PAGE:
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Banking On the Future

Ex-CEO of Vivendi Universal is reestablishing himself

October 14, 2002|Richard Verrier | Times Staff Writer

NEW YORK — His business strategy has been debunked and his love of the spotlight lampooned. He has been ousted as head of the world's second-largest media company. His former employer has vowed not to pay him a dime in severance. And, to top it off, he and his family soon will have to give up a $17-million penthouse on Park Avenue.

Most people would slink away in humiliation. Not Jean-Marie Messier, the fallen media king turned New York exile. The former chairman and chief executive of Vivendi Universal -- who once labeled himself half-jokingly as "master of the world" -- is as self-assured and defiant as ever.

Messier sees himself largely as a victim of outside forces: market rumors, nationalistic French politicians and a coterie of powerful business leaders who turned on him.

"I didn't pay enough attention to them," Messier said in his first in-depth interview since his downfall. "When I was in a weak position they took advantage of me."

For The Record
Los Angeles Times Friday October 18, 2002 Home Edition Main News Part A Page 2 National Desk 8 inches; 311 words Type of Material: Correction
Messier -- A Business story Monday incorrectly reported that ex-Vivendi Universal CEO Jean-Marie Messier said he received a $5-million loan from the firm. Messier said he received the loan from French bank Societe Generale as a private client.

Still, Messier said he is not looking backward.

"I'm not looking to who betrayed me.... I'm looking forward. I have a great future in the U.S. and Europe. I want to build a new story."

The 45-year-old Messier these days is caught between two chapters in his life. He has just completed a draft of a 300-page tell-all book based on a journal he kept about his rise and fall at Vivendi and his observations about the current media market. The book, he said, was a form of therapy after the shock of losing his job. He says he isn't sure when or whether he will publish it.

Now he's turning his attention to a new, far more modest enterprise than running a global media empire. Messier, a former investment partner at French investment bank Lazard, returned to his roots last week when he incorporated what he describes as a "boutique investment bank" in Delaware. The firm, called Messier Partners, will handle private equity investments in media and other sectors.

"I've gone from 380,000 employees to just one. I know it will be a challenge.... My only revenge is my future success," he said during the two-hour interview at the Four Seasons Hotel in Manhattan.

The hotel also is where Messier and his then-lieutenants negotiated some of the major media deals that transformed Vivendi from a staid 150-year-old water utility into a flashy global entertainment player and owner of one of Hollywood's hottest studios.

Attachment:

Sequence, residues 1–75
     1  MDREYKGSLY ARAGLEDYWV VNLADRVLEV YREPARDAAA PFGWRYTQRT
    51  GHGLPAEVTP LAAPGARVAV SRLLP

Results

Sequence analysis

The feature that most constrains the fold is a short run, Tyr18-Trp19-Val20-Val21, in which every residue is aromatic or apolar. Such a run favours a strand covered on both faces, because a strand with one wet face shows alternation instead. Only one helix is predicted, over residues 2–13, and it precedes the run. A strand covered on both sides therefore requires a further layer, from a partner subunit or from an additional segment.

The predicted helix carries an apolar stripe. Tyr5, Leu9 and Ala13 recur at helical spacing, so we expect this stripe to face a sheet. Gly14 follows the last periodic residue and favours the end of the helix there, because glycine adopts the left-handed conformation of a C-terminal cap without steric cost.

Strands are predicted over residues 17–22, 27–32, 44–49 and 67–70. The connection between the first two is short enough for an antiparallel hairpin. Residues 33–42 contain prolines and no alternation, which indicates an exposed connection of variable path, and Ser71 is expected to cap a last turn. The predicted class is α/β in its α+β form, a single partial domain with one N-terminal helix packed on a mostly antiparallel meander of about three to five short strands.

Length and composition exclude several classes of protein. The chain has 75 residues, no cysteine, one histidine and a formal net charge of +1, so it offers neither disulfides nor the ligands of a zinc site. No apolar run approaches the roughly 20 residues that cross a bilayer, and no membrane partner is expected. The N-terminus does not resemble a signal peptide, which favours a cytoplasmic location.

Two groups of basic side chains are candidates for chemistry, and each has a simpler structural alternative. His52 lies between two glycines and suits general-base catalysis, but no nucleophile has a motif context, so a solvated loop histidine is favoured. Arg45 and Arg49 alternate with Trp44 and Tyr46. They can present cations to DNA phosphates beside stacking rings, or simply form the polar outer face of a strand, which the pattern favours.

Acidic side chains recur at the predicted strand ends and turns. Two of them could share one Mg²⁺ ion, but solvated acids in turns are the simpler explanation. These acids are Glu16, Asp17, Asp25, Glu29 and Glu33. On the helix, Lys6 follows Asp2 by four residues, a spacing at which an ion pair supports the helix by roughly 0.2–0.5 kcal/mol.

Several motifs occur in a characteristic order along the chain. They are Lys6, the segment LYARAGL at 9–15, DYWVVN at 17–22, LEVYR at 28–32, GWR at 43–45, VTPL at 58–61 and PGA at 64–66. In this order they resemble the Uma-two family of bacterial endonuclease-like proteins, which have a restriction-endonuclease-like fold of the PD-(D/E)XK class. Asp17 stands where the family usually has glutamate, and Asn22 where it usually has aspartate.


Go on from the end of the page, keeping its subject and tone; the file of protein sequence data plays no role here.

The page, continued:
Success, however, eluded Messier during his two-year reign at Vivendi, where he arranged a slew of acquisitions that puzzled investors and racked up $19 billion in media-related debts. Concerns about the company's high debt, strategy and complex balance sheet spooked investors and analysts, causing a 70% fall in Vivendi's stock price before Messier's ouster in July.

Messier is mostly unapologetic about Vivendi's failures. Still looking very much the part of a jet-setting media mogul, he wore a charcoal-gray flannel suit with a mauve tie and was carrying his ever-present cell phone and oversized leather-bound daily planner.

"What's done is done," he said, appearing tanned and relaxed after a three-month hiatus from the corporate world. "I have no regrets."

He staunchly defended his business strategy for creating a global entertainment giant that combined European wireless and cable television with American movies such as the "Mummy" franchise and musical acts, from Eminem to U2.

"When I read that Vivendi has decided to continue on the track of being a global media company, I was pleased," Messier said. "As many people are saying, it's a Messier strategy without Messier."

He admits only a few significant missteps as chief of Vivendi. Among them: failure to convince French board members that they should sell off the core utility business. He also acknowledges courting too much publicity for himself by posing for magazines such as Paris Match, where he was photographed skating in Central Park.

"Vivendi attracted much more attention than it should have, in part because I was overexposed to the media," he said. "That's one thing I do regret because I know it hurt Vivendi Universal."

Despite Messier's contention that the company is following his strategy, that is not the perception inside Vivendi. His successor, Jean-Rene Fourtou, declined to comment, but sources close to the CEO said his decision to keep Vivendi in the entertainment business was more a reflection of market realities than an affirmation of Messier's goal of creating a rival to AOL Time Warner Inc.

The sources note that Fourtou already has undone key parts of the empire Messier put together -- for example, unloading the money-losing Internet venture Vizzavi. The Internet portal was a centerpiece of Messier's strategy for using mobile phones as distribution pipelines for movies, music and games.

Messier would not comment specifically on the financial crisis he left behind, but he said the company was hurt most by unsubstantiated market rumors.

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